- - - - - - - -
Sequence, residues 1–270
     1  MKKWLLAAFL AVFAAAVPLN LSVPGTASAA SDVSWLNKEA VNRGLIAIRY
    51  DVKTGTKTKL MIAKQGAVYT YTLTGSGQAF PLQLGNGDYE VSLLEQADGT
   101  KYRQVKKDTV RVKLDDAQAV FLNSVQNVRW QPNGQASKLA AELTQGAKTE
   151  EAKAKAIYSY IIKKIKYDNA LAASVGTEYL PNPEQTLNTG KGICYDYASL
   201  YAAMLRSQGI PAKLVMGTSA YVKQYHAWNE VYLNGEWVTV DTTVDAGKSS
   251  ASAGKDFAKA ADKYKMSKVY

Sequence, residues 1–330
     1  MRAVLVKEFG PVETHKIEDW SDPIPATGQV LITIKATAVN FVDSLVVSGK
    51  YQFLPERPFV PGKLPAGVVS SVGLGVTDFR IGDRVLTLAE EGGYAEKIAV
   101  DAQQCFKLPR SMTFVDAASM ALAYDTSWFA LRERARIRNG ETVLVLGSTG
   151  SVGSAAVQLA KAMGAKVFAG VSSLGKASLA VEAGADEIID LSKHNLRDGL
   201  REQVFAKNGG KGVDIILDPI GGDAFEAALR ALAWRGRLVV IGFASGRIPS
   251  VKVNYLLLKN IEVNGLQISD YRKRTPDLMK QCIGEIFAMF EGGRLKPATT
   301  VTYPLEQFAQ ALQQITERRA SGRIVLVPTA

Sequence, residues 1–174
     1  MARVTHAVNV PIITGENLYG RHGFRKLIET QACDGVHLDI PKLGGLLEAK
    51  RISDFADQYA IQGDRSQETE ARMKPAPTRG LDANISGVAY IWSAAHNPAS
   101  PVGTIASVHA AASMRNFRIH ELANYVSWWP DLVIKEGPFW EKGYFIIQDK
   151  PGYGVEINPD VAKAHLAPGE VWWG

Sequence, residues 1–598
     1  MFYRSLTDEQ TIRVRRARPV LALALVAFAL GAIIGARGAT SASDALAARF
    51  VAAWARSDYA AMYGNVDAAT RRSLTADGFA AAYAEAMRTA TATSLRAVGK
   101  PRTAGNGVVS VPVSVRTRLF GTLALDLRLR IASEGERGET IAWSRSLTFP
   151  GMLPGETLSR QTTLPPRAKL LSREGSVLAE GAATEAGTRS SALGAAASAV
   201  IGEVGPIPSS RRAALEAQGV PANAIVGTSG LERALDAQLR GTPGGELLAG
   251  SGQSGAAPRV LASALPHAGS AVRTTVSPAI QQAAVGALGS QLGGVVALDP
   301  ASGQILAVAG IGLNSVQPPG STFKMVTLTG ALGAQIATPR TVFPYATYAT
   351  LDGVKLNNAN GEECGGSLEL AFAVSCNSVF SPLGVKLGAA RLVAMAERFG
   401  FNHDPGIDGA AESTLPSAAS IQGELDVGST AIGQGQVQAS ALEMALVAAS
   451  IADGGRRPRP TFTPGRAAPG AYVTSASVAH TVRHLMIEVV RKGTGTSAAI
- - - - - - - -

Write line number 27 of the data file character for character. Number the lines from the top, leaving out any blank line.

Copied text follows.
   251  SGQSGAAPRV LASALPHAGS AVRTTVSPAI QQAAVGALGS QLGGVVALDP